Whether traveling across the country on vacation or running errands on the weekend, car rides can be a great time for children with hearing loss to work on their speech, language and listening skills. Below is a list of car games and activities that are not only fun for children but also target these important skills (without them even knowing!).
- I Spy
“I Spy” is a great game to target receptive and expressive language as you and your child take turns being the clue giver and the guesser. “I Spy” can also be used to work on categories (“I spy a food”), adjectives (“I spy something soft”) and even phonics (“I spy something that starts with an ‘m’”).
- I’m going on a picnic
This is a fun way to work on auditory memory skills and alphabet knowledge. To begin, the first player states, “I’m going on a picnic, and I’m bringing (something that begins with an “a” such as apples). The next player then repeats, “I’m going on a picnic, and I’m bringing apples and (something that begins with a “b.”). This continues until a player can no longer remember all the items or cannot think of an item with their letter.
- 20 Questions
This classic game targets asking and answering questions, categories and vocabulary. One player thinks of a person, place or thing. The other players take turns asking yes/no questions to determine what the mystery object is.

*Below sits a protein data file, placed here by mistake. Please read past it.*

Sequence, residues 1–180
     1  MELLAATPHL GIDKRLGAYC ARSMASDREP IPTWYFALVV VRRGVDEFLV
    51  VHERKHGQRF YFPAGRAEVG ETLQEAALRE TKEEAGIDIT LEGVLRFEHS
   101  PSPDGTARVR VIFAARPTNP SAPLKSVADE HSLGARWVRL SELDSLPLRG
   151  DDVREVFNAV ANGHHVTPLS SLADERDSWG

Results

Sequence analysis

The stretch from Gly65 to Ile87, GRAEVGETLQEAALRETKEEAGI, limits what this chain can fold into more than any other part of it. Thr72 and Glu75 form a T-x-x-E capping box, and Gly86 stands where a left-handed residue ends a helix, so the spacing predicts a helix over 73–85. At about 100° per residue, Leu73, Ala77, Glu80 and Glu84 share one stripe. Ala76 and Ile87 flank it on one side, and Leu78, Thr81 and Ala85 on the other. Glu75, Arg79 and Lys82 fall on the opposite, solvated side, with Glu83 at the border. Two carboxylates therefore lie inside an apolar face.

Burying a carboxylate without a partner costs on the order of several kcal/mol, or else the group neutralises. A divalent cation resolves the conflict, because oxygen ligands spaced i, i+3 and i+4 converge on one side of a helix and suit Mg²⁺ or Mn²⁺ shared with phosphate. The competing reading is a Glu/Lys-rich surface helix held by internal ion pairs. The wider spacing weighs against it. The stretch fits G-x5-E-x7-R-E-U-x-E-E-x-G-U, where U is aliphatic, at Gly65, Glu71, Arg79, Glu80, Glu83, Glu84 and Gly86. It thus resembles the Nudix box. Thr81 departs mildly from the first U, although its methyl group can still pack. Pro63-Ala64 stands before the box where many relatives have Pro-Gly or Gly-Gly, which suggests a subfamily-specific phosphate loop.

- Speech sound practice
Pick a sound that your child is working on in speech therapy and have them search for things in the car or while looking out their window that begin with that sound. For example, if your child is working on /r/, they could spot a railroad, rain, the road, etc.
- Incorporate music.
Turn on the radio and have your child use their listening skills to identify familiar songs, song lyrics and singers. Instead of turning the station when the song ends, encourage your child to listen to what the DJ says and ask them questions about it to assess comprehension.
The car is a great time to simply talk to your child. Talk about where you are going and what they will see. This is a great way to introduce new vocabulary and concepts that they may encounter. For example, “We are going to pick peaches. We want to make sure we pick the peaches that are ripe. Ripe means it is ready to eat.”
That’s not all! There are plenty of other ways to maximize language and listening in the summer (and all year-round!)
ABOUT THE AUTHOR
Jessica Klein is a speech-language pathologist and the associate director of the Emerson Center for Professional Development at CID. In addition to working at CID, she has also worked in a public school setting. Klein has co-authored several workshops, presented at a variety of professional conferences and written an online course about developing literacy skills in students who are deaf and hard of hearing.